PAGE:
Is urban food-growing just a big fat waste of time when we know there will be five billion people living in cities in the next 20 years? Can it really have an impact?
This is a question I've pondered a lot recently, particularly following a trip to India last spring. India is a country where even the smallest of cities (the ones you've never heard of) have tens of millions of inhabitants. The scale of humanity there gives urban food growing a very different context.
Because of the very real space constraints, urban food growing is often dismissed as a waste of time that won't help people become self-sufficient and won't help the planet feed billions of hungry mouths in the coming century.
On one level, this is of course absolutely true and inarguable. One simply can't grow as much on an apartment balcony as you can in a rural field. That's the math of the issue. So, surely urban growing is a busted flush?
Well, not quite. First of all, you can grow a surprising amount of food in small spaces.
I met a man in Bangalore who gets a year-round supply of greens from his balcony garden in that vast city of 8.5 million souls. Mark Ridsdill Smith told a GIY Gathering in Birmingham, England, last month how he grew £900 of vegetables on a London balcony in one year. Technologies such as vertical growing and aquaponics will undoubtedly help us grow even more food in small spaces in the decades ahead.
Second, urban food growing assumes an incredible importance when viewed through the lens of "food empathy." Let me explain.
The change that happens when people grow their own food occurs on two levels. The first, direct level is the obvious stuff: more exercise, fresh air, better and safer food, etc.
The second level is subtler and perhaps a little harder to quantify: it is what we call the food empathy level. Growing your own food creates a deeper understanding of food, where it comes from, how it is produced and the time and effort required.
Acquiring food empathy has a positive impact in all sorts of unexpected places. Food empathetic people make healthier food choices, recycle more and waste less. When they engage with the food chain, they make different buying decisions, buying more seasonal, local and organic food.
A person who has grown a butternut squash for example -- having sown a seed in the spring, carefully nurtured a plant through the growing season, and triumphantly harvested a squash in autumn -- will forever and a day know that squashes aren't in season in February.
So, if they see them on the shelves in their supermarket in February, they know it's been grown on the other side of the world -- and consequently that they're probably not as nutritious as an alternative local, seasonal vegetable. That understanding of seasonality is an incredibly powerful tool to have in your arsenal when shopping.
And that's not all. Because they attach a real value to food, and understand the effort and time involved in creating it, food growers aren't always looking for the cheapest food (which should be good news for local food producers).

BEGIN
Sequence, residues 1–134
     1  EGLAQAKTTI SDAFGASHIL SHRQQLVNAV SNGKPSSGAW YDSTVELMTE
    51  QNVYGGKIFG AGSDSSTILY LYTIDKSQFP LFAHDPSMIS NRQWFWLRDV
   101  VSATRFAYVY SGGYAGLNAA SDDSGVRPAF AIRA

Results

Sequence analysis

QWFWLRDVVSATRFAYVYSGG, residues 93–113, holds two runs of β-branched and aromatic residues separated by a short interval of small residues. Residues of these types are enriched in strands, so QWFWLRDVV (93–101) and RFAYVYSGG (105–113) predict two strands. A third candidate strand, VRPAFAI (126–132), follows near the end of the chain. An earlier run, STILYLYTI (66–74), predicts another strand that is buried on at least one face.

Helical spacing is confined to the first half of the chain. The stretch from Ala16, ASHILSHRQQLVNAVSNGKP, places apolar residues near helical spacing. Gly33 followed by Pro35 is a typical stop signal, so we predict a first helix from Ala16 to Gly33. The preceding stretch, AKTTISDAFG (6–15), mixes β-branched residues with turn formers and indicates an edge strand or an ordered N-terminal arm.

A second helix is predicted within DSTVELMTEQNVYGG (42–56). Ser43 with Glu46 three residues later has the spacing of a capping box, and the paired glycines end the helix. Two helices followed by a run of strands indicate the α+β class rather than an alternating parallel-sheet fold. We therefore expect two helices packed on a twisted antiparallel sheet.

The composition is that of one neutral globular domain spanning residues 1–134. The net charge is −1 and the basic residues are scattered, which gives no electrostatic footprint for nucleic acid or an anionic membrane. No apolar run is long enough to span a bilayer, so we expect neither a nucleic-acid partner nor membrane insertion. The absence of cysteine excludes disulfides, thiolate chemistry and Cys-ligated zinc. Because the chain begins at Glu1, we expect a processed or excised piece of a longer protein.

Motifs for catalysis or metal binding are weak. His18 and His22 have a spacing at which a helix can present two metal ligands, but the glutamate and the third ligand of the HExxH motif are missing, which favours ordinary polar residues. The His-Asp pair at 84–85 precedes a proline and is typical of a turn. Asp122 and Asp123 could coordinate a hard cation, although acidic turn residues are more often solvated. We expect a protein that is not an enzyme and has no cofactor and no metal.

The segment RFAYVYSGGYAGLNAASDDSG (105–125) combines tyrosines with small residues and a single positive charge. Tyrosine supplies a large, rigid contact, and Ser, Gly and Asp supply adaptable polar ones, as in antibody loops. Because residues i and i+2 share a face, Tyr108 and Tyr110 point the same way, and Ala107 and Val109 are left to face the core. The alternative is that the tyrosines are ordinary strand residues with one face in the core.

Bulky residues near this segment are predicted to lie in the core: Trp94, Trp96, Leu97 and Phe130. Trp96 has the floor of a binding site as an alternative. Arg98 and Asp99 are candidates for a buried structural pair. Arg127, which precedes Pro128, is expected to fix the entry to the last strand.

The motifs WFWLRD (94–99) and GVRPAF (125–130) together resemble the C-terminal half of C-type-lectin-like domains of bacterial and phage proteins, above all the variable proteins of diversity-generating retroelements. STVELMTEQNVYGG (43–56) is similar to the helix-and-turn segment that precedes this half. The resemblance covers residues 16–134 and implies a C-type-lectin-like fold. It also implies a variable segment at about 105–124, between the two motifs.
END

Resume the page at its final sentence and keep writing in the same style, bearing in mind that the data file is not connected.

The simple act of growing some food, and acquiring food empathy, can make us happy, healthy, and more sustainable. At GIY, we believe the food empathy level is where the really systemic change happens. It is at this level that we can have real impact on the food chain, human health, and the health of this planet we all share.
So yes, it's true that urban food growers will not grow all their own food. Rural food growers probably won't either, come to think of it, with different constraints (like lack of time) bearing down on them.
But actually it doesn't matter how much we grow -- what's important is that we try to grow something. That we nudge ourselves just a little along a spectrum towards self-sufficiency (and away from complete reliance on the food chain).
Does it matter if we never get within an ass's roar of self-sufficiency? Absolutely not.
In the GIY movement, the person who grows some herbs in a pot is just as welcome, worthwhile, and valuable as the person with a ten-acre smallholding. That dodgy looking lettuce you grew on your windowsill should be held aloft and celebrated as a symbol of your ability to change the world -- one meal at a time.
Food empathy is an equal opportunities concept -- it doesn't care that your spuds were small or that your carrots were forked. It's just mightily impressed that you grew anything at all.
So, to bring about real change in the world, in terms of human health and sustainable living, we don't have to try and get people to disengage from the food chain, move to a commune, grow beards, and start living off grid. The real potential of the homegrown food revolution is not just in the actual food grown - the food empathy created by the process of food growing is where the really good stuff happens.
In that context, urban food growing is not a waste of time -- in fact, it's the silver bullet. Why? Because cities are where most of us will be living.
There's a massive migration of people to cities worldwide. Over the next 20 years, the global urban population will rise to approximately five billion. Happily, when we talk about food empathy, it's scale that's important.
Scale is our opportunity, for it's quantity we need. City dwellers the world over can become an army of food empathetic people. We salute their genius!